Why is my Cat Breathing Heavy & What Can I Do

Day after day your cat goes about their business, nothing unusual to note until one day, they walk by panting. This can be concerning and lead you to wonder 'Why is my cat breathing heavy?'. Our East Setauket vets offer some insight into cats breathing heavy and what you should do when it happens.

Heavy Breathing Cats

The occasional heavy, open-mouthed breathing is not normally a cause for concern, however, it may still indicate an issue, especially 

If you notice that your cat is panting or exhibiting labored breathing, start by assessing the situation based on the criteria below.

If your kitty's breathing seems out of the ordinary, or if your cat's heavy breathing continues for a long period of time, it's time to seek veterinary care.

What is normal when it comes to cats panting?

There are some times when panting is normal behavior for cats. Think about what your cat might have been doing or experiencing right before they started panting.

Similar to dogs, cats may feel the need to pant when they are anxious, overheated, or after heavy exercise. Panting for any of these reasons should resolve itself once your cat has had a chance to calm down, cool down, or rest.

However, it's important to note that this sort of panting is rarer in our feline friends than it is in dogs, so if you notice regular panting from your cat it is worth a visit to your veterinarian. 

Abnormal Breathing: Dyspnea in Cats

If your cat is breathing heavily but isn’t too hot, stressed, or tired from exercise, their labored breathing could be a sign of a serious medical issue. That's when emergency veterinary care may be required. Some common causes of abnormal breathing in cats are: 


  • Some of the most common symptoms of asthma in cats include panting, coughing, wheezing, and increased respiratory rate.  While you can't cure asthma in cats, it can be well managed with corticosteroids or bronchodilators.


  • Heartworm in cats can cause breathing difficulties. Treatment for heartworm includes supportive care with corticosteroids to reduce inflammation and oxygen therapy in more serious cases. Because heartworm disease can be fatal, it is important to keep your cat on monthly heartworm preventive medications.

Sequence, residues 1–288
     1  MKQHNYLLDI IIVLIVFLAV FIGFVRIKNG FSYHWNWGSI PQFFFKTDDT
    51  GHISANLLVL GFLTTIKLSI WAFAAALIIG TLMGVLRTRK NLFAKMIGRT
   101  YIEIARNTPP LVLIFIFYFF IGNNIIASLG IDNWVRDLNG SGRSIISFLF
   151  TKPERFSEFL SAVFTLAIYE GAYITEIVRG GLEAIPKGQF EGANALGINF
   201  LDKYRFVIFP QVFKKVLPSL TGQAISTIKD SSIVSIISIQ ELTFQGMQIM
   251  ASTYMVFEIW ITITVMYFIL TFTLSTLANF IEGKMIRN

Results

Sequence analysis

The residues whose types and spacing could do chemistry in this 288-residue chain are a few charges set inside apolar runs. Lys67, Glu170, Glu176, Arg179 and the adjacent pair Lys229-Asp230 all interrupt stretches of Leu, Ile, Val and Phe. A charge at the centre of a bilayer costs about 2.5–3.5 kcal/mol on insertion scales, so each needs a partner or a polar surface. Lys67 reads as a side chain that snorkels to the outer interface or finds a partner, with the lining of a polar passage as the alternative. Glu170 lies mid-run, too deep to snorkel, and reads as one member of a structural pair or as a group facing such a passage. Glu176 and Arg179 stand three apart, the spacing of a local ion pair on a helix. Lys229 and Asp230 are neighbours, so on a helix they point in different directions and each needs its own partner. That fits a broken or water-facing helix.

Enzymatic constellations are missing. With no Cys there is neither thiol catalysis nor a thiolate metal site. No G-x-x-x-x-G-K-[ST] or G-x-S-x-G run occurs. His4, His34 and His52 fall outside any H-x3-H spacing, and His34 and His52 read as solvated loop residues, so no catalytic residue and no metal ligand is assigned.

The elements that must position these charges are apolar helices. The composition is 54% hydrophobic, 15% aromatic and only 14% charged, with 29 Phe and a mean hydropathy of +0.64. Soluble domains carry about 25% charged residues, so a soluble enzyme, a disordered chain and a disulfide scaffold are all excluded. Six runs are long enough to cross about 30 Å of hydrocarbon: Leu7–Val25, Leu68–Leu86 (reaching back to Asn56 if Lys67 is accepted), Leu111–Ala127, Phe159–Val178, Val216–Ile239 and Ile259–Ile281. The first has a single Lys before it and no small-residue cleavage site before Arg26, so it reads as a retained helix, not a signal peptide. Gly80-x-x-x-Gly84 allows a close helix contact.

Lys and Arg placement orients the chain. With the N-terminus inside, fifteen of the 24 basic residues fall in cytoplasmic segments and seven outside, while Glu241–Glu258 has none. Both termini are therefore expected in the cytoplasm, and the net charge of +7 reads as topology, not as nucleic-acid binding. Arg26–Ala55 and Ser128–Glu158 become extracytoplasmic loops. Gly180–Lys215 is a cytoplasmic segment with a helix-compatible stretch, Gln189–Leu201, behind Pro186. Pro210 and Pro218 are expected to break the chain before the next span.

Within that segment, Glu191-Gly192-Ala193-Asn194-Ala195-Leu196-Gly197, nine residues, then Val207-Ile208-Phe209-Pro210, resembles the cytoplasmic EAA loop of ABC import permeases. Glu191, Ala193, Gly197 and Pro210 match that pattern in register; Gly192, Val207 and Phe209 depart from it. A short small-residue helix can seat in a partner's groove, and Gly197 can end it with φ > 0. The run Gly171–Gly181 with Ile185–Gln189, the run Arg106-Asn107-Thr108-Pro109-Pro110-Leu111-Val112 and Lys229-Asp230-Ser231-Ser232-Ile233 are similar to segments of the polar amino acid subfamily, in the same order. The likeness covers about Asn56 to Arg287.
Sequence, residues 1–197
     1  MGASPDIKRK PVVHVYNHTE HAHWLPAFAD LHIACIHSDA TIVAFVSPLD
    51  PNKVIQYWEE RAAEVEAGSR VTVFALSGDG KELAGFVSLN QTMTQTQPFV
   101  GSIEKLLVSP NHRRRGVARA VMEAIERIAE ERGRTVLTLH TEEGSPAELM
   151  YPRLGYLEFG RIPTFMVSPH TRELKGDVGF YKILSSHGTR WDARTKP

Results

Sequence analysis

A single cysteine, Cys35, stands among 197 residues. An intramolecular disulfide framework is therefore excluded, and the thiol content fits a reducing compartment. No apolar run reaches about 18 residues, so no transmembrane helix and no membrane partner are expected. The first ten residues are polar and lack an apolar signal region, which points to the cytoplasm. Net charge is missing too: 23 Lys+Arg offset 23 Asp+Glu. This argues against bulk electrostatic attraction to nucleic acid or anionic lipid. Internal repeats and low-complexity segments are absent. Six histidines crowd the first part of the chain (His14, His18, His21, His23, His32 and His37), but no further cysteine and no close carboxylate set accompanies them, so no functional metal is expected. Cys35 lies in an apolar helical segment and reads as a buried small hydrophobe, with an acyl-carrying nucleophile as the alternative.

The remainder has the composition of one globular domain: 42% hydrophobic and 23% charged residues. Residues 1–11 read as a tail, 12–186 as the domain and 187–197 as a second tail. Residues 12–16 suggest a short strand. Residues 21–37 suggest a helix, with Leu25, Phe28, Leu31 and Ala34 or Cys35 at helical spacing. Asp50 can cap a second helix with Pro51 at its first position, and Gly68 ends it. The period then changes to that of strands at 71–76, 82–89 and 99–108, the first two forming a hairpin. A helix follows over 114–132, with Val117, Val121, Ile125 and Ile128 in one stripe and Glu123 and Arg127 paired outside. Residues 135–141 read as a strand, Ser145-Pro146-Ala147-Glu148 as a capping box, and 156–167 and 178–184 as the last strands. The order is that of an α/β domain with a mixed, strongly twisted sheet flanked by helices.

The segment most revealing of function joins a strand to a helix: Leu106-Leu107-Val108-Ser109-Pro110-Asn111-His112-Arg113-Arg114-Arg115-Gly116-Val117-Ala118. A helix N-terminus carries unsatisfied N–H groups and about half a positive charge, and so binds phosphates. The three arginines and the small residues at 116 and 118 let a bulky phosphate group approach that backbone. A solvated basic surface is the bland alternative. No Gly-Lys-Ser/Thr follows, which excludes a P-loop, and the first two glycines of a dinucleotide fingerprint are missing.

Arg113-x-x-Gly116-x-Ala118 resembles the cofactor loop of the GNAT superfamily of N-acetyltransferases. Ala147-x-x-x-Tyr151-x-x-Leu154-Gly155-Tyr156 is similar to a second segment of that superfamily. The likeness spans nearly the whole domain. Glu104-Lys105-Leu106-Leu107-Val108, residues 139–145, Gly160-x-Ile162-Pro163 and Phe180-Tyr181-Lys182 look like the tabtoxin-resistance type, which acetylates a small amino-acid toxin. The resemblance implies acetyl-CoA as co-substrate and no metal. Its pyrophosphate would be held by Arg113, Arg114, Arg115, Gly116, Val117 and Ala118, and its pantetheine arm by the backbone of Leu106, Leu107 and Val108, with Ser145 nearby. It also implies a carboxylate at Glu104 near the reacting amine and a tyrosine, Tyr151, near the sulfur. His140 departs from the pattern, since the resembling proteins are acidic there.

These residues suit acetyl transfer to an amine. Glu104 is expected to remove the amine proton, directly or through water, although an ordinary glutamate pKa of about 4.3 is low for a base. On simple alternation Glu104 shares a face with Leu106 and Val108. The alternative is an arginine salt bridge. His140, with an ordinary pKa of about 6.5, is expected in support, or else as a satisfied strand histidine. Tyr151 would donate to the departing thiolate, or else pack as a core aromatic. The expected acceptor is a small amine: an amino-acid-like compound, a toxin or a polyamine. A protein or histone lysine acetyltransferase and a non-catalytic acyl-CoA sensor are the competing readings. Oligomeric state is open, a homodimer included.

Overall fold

Hydrothorax and Congestive Heart Failure

  • Hydrothorax is a condition characterized by the build-up of fluid in and around the lungs, it can cause deep, rapid breathing, panting, and coughing. Treatment may include draining the fluid, as well as medications to dilate blood vessels and get rid of excess fluid, which can allow the heart to contract more forcefully.

Respiratory Infections

  • If your kitty has developed a respiratory infection it can be challenging for them to breathe normally. Respiratory infections in cats can lead to labored breathing or panting. In cats, these infections typically begin as viral infections, but often develop into secondary bacterial infections. Antibiotics may be required to treat your cat's condition so that they can breathe easier. Humidifiers and steam can help loosen mucus and make nasal breathing easier as your cat recovers.

Other Conditions That Can Cause Heavy Breathing in Cats

  • Anemia, neurologic disorders, trauma, abdominal enlargement, and pain can also cause cats to pant or exhibit heavy breathing.

Note: The advice provided in this post is intended for informational purposes and does not constitute medical advice regarding pets. For an accurate diagnosis of your pet's condition, please make an appointment with your vet.

If your cat is showing any signs of heavy breathing or other concerning symptoms, contact our East Setauket vets right away.